What is Line Shading and How Oddsmakers Use in Sports Betting and Wagering

A few weeks ago, I wrote a piece

about expected value

and I told you that you’d better become best friends with odds,
probability, and statistics extremely fast if you wanted to take your
handicapping to the next level. Well today, I am here to tell you that you
are going to want to make a new friend, and his name is economics.

Economics is the study of supply and demand and often can be used to study
certain financial markets. I completely understand if you’re asking
yourself why this even matters when it pertains to sports betting, but the
two essentially go hand-in-hand once you understand how the oddsmakers use
economics to help secure bigger profit margins.

The goal of this article is to study the structure of the sportsbooks and
understand how oddsmakers use the practice of ‘Line Shading’ to help
increase profit margins and decrease the bettor’s chances of winning. The
best way to start is by taking a look at a simple example centered around a
-110 line.


Vig in Sports Betting Explained

Sportsbooks Profit Margin – The Short Answer

For the purpose of this example, we are going to stick with the -110
standard point spread line. As I’m sure you already know, the -110 line
means that in order for you to profit $100, you must bet $110. If you win,
you would receive $210 (your original stake – $110 plus the $100 winnings).
If you were to lose the bet, you would lose $110.

Because all sportsbooks are in the money-making business, they would
receive 4.5 percent or $10 of the combined $220 betting action. We already
know that a bettor must win 52.38 percent of his bets in order to break
even by consistently betting -110 lines. If we were to look at this example
from a

moneyline perspective

, you would find them to be exactly centered with the exact probability of
the game’s outcome.

For example, if you have a game featuring the Miami Dolphins and Buffalo
Bills, the Dolphins would be -220 favorites, while the Bills would check in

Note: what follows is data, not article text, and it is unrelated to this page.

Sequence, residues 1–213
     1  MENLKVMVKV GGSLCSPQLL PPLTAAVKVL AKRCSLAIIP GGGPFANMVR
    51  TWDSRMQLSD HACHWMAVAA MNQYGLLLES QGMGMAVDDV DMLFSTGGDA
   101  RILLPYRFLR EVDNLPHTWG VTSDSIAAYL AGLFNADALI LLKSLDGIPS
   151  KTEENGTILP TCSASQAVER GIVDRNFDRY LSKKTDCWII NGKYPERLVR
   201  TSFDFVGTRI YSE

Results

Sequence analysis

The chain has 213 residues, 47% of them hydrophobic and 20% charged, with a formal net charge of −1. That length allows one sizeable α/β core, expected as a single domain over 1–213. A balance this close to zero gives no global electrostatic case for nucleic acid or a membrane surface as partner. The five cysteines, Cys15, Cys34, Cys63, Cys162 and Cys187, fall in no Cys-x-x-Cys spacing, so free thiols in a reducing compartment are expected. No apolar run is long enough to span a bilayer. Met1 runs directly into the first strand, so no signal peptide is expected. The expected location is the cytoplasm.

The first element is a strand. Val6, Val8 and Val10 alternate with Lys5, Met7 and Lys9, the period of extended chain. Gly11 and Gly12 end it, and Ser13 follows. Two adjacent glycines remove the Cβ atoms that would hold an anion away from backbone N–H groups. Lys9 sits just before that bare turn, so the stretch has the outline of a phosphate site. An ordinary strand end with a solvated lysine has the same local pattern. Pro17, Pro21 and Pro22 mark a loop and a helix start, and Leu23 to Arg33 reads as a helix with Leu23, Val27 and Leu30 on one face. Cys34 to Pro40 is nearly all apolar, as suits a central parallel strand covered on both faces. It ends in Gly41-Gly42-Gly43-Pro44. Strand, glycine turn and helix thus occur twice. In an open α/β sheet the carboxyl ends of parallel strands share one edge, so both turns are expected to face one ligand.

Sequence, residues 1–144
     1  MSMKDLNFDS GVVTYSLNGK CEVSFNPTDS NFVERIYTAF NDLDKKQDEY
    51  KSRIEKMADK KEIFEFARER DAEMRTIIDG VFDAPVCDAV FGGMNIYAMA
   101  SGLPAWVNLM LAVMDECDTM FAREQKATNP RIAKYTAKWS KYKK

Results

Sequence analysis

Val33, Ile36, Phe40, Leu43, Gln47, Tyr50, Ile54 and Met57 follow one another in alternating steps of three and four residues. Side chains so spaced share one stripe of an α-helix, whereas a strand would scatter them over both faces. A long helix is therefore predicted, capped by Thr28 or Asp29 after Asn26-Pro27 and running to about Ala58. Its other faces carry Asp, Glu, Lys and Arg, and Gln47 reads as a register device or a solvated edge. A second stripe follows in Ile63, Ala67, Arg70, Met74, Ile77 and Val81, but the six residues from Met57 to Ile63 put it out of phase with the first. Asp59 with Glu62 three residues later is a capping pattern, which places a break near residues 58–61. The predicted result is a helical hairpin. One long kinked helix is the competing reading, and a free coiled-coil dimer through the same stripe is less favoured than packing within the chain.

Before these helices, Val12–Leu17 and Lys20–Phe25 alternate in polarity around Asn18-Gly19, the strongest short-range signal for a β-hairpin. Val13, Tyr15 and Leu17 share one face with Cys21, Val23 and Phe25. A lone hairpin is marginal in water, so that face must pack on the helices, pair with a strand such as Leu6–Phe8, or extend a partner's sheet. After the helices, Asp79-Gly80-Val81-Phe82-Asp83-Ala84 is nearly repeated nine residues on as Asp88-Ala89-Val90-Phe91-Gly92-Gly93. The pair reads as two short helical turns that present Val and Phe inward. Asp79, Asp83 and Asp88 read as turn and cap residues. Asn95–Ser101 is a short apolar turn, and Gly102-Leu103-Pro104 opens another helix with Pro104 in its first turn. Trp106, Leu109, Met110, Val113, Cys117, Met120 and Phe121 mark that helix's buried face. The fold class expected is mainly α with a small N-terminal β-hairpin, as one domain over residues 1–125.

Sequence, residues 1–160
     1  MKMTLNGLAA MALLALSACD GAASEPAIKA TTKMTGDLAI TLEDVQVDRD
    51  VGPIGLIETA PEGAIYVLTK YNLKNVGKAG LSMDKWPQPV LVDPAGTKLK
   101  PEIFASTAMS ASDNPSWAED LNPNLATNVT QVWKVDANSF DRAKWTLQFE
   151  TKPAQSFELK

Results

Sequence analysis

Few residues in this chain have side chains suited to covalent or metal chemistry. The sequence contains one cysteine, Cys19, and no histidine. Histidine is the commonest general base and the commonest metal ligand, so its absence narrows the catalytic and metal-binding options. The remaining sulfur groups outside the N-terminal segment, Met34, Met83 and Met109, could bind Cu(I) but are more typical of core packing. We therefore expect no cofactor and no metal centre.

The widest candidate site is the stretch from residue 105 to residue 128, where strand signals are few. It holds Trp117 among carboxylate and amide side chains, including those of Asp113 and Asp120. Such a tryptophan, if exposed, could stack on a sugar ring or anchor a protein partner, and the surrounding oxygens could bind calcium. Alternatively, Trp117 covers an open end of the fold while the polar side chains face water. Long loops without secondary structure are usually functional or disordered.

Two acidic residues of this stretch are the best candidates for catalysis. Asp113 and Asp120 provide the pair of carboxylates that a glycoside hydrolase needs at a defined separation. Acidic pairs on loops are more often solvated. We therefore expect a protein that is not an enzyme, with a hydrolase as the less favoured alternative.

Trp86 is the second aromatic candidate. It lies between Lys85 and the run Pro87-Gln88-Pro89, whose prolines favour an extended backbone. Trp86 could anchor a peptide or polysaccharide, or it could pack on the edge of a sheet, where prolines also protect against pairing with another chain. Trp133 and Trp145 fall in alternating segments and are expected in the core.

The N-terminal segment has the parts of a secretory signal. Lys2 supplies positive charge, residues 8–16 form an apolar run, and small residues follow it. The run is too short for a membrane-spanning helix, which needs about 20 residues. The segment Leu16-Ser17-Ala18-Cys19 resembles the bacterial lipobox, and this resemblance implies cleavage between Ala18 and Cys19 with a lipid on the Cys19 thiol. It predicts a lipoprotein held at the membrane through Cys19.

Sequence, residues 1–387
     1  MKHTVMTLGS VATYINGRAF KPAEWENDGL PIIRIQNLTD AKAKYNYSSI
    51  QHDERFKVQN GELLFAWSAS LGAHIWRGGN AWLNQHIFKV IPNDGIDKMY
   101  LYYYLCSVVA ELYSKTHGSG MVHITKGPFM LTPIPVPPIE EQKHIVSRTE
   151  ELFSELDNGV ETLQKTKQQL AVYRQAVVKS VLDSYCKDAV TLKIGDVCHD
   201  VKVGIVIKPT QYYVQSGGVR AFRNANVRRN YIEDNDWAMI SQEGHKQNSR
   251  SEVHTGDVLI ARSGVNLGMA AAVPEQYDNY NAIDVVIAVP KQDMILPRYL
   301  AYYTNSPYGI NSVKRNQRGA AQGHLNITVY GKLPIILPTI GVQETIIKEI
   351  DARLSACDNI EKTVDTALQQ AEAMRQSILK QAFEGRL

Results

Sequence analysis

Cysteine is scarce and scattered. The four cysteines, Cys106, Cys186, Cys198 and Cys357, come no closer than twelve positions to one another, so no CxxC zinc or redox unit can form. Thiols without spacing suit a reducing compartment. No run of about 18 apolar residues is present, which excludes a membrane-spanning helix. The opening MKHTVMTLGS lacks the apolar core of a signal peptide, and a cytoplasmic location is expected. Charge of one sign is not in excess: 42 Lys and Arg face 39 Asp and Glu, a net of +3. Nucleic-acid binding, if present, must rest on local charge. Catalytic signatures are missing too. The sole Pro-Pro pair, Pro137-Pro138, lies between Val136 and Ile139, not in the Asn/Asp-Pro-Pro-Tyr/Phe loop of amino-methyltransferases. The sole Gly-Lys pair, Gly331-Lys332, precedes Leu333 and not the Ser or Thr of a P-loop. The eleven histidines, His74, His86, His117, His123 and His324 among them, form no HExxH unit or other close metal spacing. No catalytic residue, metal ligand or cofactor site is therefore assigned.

at +180. This means that the game is exactly centered at 200, which says
that the favorite has a 66.7 percent chance of winning, while the underdog
has a 33.3 percent of winning. This line is not shaded in either direction
and as such, will allow the sportsbook to maintain their 4.5 percent profit
margin over the long-term.

Sportsbooks Profit Margin – Shading the Line

I can’t restate this fact enough – sportsbooks are in the business of
making money and will do anything they can to boost their bottom line. That
includes taking advantage of human tendencies and shading the line so that
they can increase their profit margins. Typically, we as human beings like
to bet on favorites and “overs”. Sportsbooks know this well in advance and
shade the line so that the favorite becomes overpriced and the total is
extremely inflated.

In the above example, a game that is centered around 200 would bring in a
profit margin of 4.5 percent. If the sportsbooks know that most people want
to bet on the favorite in this spot, they would take action and shade the
line so that the probability of the favorite winning went down from 66.7
percent to around 65 percent of the time.

By doing so and having around 60 percent of the public money backing this
now shaded favorite, the profit margins jump from 4.5 percent to 4.9
percent. If the sportsbooks felt the need to shade it another percent down
to a win probability of 64 percent, the profit margins would then jump to
5.3 percent with 60 percent of bettors backing this side and 6.7 percent
with 80% percent of backers betting the favorite.

What Does Line Shading Mean for Bettors Moving Forward?

Well, now that you are aware that sportsbook practice line shading to help
increase their profit margins, you must really trust your instincts and
models that give you the true odds or probability of a certain team
winning. If you feel like the number is off, and you can find a +EV, then
jump on the opportunity and don’t look back. If you believe that the
numbers are skewed or inflated in a negative way against you, I would
recommend looking elsewhere for a game to bet because the sportsbooks have
already taken any value that was in the line right out of it. It would
almost be the smarter play to take the +180 underdog more often than a -220
favorite given the fact you’d only need a 33 percent cash rate to break
even betting the dog whereas you would need to win an at 66 percent clip to
break even betting the favorite. And lastly, it’s never a bad idea to bet
against the public.

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